27

Marginal cost

The change in a firm's total cost from producing one more unit of a good or service

28

Average fixed cost

FC / Q

29

Average Variable Cost

VC / Q

30

Average Total Cost

TC /Q

31

Constant returns to scale

A situation in which a firm's long-run average costs remain unchanged as it increases output

32

Minimum efficient scale

The level of output at which all economies of scale are exhausted.

33

Diseconomies of scale

The situation i which a firm's long-run average costs rise as the firm increases output

34

Monopolistic Competition

A market structure in which barriers to entry are low and many firms compete by selling similar but not identical products

35

Profit

TR-TC or (P-ATC)xQ

36

Marketing

All the activities necessary for a firm to sell a product to a consumer

37

Brand Management

The actions of a firm intended to maintain the differentiation of a product over time

38

Inputs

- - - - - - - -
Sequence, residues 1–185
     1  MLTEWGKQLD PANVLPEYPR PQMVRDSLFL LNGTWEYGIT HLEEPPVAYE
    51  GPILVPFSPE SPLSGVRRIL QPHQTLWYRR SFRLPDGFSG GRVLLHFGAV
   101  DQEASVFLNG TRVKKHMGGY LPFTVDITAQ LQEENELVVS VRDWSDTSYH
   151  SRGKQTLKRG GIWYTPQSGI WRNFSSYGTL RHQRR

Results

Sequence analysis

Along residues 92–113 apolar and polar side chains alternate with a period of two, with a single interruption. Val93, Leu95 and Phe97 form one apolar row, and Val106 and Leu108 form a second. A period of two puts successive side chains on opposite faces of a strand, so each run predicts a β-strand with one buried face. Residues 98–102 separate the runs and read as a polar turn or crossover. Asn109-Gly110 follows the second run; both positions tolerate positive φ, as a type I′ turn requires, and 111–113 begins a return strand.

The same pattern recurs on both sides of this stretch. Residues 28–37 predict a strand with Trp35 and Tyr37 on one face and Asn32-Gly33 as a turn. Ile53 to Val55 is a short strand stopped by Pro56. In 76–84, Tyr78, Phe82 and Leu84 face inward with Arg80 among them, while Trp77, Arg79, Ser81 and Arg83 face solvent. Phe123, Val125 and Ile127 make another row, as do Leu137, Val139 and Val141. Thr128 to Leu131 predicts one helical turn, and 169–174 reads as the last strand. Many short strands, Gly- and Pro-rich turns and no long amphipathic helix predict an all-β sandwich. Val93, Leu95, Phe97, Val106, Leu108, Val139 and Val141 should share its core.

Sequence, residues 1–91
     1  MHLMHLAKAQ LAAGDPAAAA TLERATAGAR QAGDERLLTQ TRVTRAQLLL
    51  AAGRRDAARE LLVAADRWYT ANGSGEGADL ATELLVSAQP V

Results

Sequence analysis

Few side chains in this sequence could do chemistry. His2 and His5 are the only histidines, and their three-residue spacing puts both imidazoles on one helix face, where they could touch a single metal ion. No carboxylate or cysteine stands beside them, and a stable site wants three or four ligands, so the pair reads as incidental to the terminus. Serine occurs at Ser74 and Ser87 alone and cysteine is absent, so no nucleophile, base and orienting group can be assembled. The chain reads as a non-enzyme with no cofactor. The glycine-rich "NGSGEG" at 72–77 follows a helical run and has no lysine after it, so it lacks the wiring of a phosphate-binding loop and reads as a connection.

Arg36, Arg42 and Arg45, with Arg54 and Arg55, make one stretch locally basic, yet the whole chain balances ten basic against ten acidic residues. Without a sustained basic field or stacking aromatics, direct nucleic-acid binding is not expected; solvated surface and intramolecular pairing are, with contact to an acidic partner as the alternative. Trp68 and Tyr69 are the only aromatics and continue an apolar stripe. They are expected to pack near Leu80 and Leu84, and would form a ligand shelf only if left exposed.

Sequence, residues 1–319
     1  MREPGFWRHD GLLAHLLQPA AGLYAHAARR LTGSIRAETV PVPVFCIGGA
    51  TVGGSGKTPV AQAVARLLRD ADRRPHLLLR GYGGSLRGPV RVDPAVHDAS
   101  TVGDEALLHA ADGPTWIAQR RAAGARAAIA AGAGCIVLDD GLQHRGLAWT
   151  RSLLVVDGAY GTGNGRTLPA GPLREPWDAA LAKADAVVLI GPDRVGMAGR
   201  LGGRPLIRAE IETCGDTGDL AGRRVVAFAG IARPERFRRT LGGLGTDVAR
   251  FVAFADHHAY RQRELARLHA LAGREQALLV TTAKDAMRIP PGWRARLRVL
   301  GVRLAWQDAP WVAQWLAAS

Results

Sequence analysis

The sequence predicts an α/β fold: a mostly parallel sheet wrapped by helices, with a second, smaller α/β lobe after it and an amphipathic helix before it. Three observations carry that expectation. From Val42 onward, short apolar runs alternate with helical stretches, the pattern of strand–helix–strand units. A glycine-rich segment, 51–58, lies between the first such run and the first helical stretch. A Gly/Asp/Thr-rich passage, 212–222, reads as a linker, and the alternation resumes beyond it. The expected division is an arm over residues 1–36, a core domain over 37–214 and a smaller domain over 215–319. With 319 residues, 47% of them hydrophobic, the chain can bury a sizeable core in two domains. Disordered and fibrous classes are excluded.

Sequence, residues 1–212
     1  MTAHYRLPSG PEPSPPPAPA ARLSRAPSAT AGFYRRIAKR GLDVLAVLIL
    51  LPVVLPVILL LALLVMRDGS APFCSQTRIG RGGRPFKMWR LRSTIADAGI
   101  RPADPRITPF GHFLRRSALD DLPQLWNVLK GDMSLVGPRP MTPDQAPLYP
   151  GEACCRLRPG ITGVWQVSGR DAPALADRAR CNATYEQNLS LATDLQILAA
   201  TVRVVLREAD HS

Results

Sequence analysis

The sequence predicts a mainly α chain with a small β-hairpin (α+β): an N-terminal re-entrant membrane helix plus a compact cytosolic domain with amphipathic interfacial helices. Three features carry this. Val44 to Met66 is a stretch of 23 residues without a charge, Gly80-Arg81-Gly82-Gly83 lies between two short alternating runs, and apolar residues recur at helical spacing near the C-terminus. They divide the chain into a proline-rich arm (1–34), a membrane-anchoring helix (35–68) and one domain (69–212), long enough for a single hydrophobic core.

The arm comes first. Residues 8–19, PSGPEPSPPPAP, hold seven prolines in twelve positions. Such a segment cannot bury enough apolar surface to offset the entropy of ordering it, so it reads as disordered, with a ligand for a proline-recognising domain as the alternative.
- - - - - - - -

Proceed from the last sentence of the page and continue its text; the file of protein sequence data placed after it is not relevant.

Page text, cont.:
In the short run, at least one input is fixed, in the long run ALL inputs are variable

39

Long Run Average Cost (LRAC)

Lowest cost at which a firm can produce a given quantity of output in the long run

40

Economies of scale

long run average costs fall as output increases

41

Maximum efficient scale

level of output at which diseconomies of scale begin

42

Perfectly Competitive Market (3 Requirements)

1) There must be buyers and many firms, all of which are small relative to the market
2) All firms in the market must sell identical products
3) There must be no barriers to new firms entering the market.

43

Price taker

A buyer or seller that is unable to affect the market price

44

Profit

TR-TC

45

Average Revenue (AR)